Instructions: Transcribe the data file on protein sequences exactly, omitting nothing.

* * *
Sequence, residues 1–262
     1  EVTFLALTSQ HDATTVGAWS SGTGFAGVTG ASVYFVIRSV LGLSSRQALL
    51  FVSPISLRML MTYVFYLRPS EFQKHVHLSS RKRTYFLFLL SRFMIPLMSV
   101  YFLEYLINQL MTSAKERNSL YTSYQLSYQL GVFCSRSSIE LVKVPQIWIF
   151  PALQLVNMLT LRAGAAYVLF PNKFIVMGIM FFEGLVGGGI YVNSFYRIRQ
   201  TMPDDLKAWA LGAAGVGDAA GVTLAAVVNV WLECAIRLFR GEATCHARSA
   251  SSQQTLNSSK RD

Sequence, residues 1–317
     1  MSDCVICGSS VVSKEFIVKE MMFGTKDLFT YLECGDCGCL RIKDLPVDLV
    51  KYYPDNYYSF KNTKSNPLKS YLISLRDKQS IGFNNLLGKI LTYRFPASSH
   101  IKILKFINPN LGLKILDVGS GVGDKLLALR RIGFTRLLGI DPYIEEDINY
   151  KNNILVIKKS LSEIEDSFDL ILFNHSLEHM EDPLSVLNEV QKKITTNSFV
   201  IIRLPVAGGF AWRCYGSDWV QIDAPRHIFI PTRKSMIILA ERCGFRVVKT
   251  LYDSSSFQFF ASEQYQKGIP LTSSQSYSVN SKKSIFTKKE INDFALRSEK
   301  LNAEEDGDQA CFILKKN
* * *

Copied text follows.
Sequence, residues 1–262
     1  EVTFLALTSQ HDATTVGAWS SGTGFAGVTG ASVYFVIRSV LGLSSRQALL
    51  FVSPISLRML MTYVFYLRPS EFQKHVHLSS RKRTYFLFLL SRFMIPLMSV
   101  YFLEYLINQL MTSAKERNSL YTSYQLSYQL GVFCSRSSIE LVKVPQIWIF
   151  PALQLVNMLT LRAGAAYVLF PNKFIVMGIM FFEGLVGGGI YVNSFYRIRQ
   201  TMPDDLKAWA LGAAGVGDAA GVTLAAVVNV WLECAIRLFR GEATCHARSA
   251  SSQQTLNSSK RD

Sequence, residues 1–317
     1  MSDCVICGSS VVSKEFIVKE MMFGTKDLFT YLECGDCGCL RIKDLPVDLV
    51  KYYPDNYYSF KNTKSNPLKS YLISLRDKQS IGFNNLLGKI LTYRFPASSH
   101  IKILKFINPN LGLKILDVGS GVGDKLLALR RIGFTRLLGI DPYIEEDINY
   151  KNNILVIKKS LSEIEDSFDL ILFNHSLEHM EDPLSVLNEV QKKITTNSFV
   201  IIRLPVAGGF AWRCYGSDWV QIDAPRHIFI PTRKSMIILA ERCGFRVVKT
   251  LYDSSSFQFF ASEQYQKGIP LTSSQSYSVN SKKSIFTKKE INDFALRSEK
   301  LNAEEDGDQA CFILKKN